Indian Oil Corporation (IOC)'s turnover is all set to cross the Rs 5,00,000-crore mark in the current fiscal for the first time, chairman B Ashok said, while addressing the company's 56th annual general meeting.
In 2013-14, the state-owned oil retailing major's turnover grew 10.3% to Rs 4,57,553 crore. However, it saw decline in domestic volumes.
Even though IOC maintained its position as the market leader with product sales of 75.53 mt (including petroleum products, gas, petrochemicals and exports) for 2013-14, the overall volumes in domestic sale of petroleum products registered a drop of 1.5 million tonne (mt) as compared to the previous year. This was mainly due to the prevailing dual-pricing policy in high speed diesel that resulted in sharp decline of bulk sales. Decline in sale of commercial and passenger vehicles, improved power situation in the country, and shift of industrial users to alternative fuels were some of the other reasons for the drop in diesel sales.
In the current fiscal, the company's revenues could be hit following drop in crude prices, which may in turn bring down prices of fuel products like petrol and diesel. Petrol price are currently market linked and diesel prices are also likely to soon get market linked. The fuel sales volume growth is also likely to rise at slower pace is the economy is still in a recovery mode.
"Diesel sales volumes could see a marginal growth of around 3-4% in the current fiscal due to slight recovery in economic activities," Dhaval Joshi, an analyst with Emkay Global said. In last fiscal, diesel consumption which accounts for 40% of domestic petroleum product consumption, declined by 1%, in stark contrast to the average annual growth rate (AAGR) of over 7% registered during 2006-07 to 2012-13.
IOC's borrowing have sharply fallen to Rs 61,900 crore from Rs 86,263 crore in March, CFO PK Goyal noted. This would help the company's profitability in current fiscal. Goyal said that fall in under-recoveries and regular subsidy payments by the government's since the beginning of this fiscal has helped the company to bring down borrowings.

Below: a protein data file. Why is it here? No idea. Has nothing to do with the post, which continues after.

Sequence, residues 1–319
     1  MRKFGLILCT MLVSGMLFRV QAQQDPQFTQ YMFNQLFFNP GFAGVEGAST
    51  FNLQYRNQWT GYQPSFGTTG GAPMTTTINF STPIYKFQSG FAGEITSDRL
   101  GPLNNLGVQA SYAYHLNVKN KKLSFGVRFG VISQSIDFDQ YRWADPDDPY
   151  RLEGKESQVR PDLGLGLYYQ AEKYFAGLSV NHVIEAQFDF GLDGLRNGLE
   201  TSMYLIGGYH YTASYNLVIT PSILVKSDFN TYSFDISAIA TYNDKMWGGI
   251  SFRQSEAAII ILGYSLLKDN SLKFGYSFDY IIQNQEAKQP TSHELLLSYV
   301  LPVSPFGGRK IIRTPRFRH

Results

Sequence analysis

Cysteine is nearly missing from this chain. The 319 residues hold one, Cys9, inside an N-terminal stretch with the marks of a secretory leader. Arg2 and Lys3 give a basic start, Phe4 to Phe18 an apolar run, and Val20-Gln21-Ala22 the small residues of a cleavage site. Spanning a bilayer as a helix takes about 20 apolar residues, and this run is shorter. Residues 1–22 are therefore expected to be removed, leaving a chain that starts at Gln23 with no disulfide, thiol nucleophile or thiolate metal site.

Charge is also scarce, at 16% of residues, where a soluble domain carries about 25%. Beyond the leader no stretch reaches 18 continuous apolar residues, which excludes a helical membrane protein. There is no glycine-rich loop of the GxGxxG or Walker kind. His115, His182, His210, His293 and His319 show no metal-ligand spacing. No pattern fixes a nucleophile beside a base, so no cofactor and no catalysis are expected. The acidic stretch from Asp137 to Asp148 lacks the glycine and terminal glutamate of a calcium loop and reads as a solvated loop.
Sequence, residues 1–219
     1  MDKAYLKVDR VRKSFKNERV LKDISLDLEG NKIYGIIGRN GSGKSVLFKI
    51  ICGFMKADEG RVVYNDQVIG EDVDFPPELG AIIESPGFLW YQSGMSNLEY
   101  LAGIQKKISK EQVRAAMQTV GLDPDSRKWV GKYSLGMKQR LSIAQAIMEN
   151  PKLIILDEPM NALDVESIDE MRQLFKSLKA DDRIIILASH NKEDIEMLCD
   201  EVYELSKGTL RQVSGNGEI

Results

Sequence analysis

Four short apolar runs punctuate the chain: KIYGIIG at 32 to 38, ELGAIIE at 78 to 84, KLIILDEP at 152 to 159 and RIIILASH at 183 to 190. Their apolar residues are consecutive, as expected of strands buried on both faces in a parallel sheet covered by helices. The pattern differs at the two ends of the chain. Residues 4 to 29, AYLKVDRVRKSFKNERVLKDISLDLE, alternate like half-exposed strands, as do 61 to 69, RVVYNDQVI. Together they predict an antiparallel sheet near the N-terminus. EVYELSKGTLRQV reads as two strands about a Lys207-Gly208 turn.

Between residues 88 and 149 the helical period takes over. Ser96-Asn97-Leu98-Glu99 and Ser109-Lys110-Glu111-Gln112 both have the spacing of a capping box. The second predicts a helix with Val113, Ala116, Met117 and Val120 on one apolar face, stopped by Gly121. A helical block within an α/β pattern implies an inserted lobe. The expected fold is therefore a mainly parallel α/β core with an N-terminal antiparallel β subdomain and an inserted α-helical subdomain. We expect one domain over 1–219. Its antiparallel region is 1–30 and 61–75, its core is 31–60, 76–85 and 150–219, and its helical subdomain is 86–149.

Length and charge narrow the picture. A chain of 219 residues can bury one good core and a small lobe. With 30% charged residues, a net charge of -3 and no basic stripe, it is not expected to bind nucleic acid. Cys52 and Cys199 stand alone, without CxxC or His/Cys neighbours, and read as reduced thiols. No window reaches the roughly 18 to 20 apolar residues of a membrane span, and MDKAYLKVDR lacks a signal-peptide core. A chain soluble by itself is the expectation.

Bringing Paradip refinery on stream has become the top most priority of the state-owned refiner. Sanjiv Singh, director - refineries, said that once the Paradip refinery comes on stream, all other refineries will see at least $1/barrel of jump in gross refinery margins. "we expect drastic change after Paradip," he said. The 300,000-barrels-per-day Paradip refinery whose commissioning is delayed several times is likely to start crude processing in December.
IOC has many old refineries with small capacities. When being asked if there was any plan to phase out these refineries, Singh stressed that the company had no plans to shut any of its old refineries.
"We don't intend to shut any of old refineries. We may add some value added products rather than adding capacity. We need not stick to only petrol and diesel. We can add petrochemicals in these refineries," Singh said.
Apart from Paradip, the company has been planning to set up a refinery on west coast and have shortlisted around three sites after studying 12 probable site. Singh declined to share names of these site, but previous news reports suggest that the company might be considering Mundra Port for setting up this refinery. "Its at very preliminary stage but we have not identified where we are going to set up the refinery. Certainly on the west coast, we feel there is a need for refinery. We have teams for identifying sites. Variety of locations are being considered and we need to evaluate them," Ashok said. The company would require to spend around Rs 35,000-40,000 crore for this 15 MT refinery.